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Test Code RUBEG Rubella Antibodies, IgG

Additional Codes

Epic: LAB496

Specimen Required

Specimen Type: Serum

Collection Container/Type

Preferred: Serum gel

Acceptable: Red top

Submission Container/Tube: Plastic vial

Specimen Volume: 3 mL

Collection Instructions: Centrifuge and separate cells after clot formation and within 4 hours of collection. 

Specimen Minimum Volume

0.5 mL

Specimen Stability

Room temperature: Unacceptable

Refrigerated: 3 days

Frozen: >3 days

Reference Range

≥ 1.00
A positive result indicates the presence of IgG antibodies to rubella virus and provides presumptive evidence of immunity.

Rejection Due To

Unlabeled, mislabeled, wrong tube type, QNS, severely hemolyzed samples and any sample from which the lipid layer has not been removed.

Report Available

1 day

Clinical Significance

Rubella is a viral exanthematous, infectious disease that typically follows a benign clinical course. Symptomatology is generally characterized by fever, with maculopapular rash accompanied by enlargement of lymph nodes .
Widespread vaccination of children has greatly reduced the incidence of rubella in the general population. However, total eradication of rubella in the population is unlikely. Because many rash illnesses mimic rubella and because many rubella infections are asymptomatic, rubella can often be overlooked or misdiagnosed .
By far, the greatest consequence of rubella is Congenital Rubella Syndrome (CRS), which could cause miscarriages, stillbirths, fetal abnormalities, and therapeutic abortions as a result of infection in early pregnancy, especially in the first trimester. Fetal abnormalities may be hepatosplenomegaly, psychomotor retardation, bone alterations, cardiopathies, or neuropathies. Pathological consequences to the fetus depend on the virus teratogenic potency and on when the infection is contracted during pregnancy. The consequences to the fetus are highest in cases of rubella infection during the first two months of pregnancy, but decrease progressively if infection occurs at the 4th or 5th month . The risk of severe neonatal complication points to the need for accurate methods to determine the immune status of women of childbearing age.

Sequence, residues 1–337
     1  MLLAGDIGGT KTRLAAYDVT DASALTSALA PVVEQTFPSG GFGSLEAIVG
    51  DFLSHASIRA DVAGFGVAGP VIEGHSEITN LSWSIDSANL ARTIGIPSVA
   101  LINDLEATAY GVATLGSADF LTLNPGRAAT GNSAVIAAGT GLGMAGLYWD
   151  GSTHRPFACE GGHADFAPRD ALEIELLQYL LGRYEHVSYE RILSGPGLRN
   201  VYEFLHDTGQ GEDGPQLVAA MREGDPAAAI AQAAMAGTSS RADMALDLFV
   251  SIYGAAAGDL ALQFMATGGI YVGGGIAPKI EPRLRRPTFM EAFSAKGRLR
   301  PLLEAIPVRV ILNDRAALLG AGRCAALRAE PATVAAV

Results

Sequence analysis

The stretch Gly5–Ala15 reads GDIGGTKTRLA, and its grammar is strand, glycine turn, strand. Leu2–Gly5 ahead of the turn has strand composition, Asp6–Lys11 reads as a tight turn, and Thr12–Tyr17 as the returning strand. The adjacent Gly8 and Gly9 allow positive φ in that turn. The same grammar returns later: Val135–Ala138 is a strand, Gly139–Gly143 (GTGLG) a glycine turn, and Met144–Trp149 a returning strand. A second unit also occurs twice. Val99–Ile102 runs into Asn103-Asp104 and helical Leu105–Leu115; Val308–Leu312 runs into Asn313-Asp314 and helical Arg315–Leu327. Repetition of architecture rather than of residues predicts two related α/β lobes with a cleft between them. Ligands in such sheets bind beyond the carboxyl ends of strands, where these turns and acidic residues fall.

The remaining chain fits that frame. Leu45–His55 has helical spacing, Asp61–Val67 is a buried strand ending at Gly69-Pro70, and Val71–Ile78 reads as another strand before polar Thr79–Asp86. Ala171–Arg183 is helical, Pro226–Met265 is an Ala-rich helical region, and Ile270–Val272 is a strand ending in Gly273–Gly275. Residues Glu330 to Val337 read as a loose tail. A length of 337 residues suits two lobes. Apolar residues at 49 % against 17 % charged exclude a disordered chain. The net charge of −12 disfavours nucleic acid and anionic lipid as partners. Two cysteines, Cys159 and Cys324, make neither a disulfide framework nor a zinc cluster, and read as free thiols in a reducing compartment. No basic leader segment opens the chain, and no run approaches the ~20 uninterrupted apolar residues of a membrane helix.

Reinfection can occur following either naturally acquired or vaccine-induced immunity, but is much more likely to occur in the latter. Reinfection is almost always subclinical and is defined by a rise in preexisting antibody. Viremia and systemic manifestation are uncommon. The risk of fetal transmission and subsequent CRS resulting from maternal reinfection during pregnancy is low .
Since the availability of the vaccine in the late 1960s, the assay of rubella IgG has been widely used to determine the immune status, to determine the need for vaccination and to evaluate vaccine efficacy and screening for rubella virus is now generally performed by immunoassay . Specific IgG antibodies generally appear several weeks postinfection; reach their maximum concentration and then progressively decrease to a low level persisting for life.
Rubella vaccines will induce the production of IgG antibodies similar to that observed with natural infection. However, antibody titers following vaccination may be delayed and somewhat lower than the titers observed with natural infections .

Method Name

Chemiluminescent Immunoassay (CLIA)

Day(s) Performed

Monday - Friday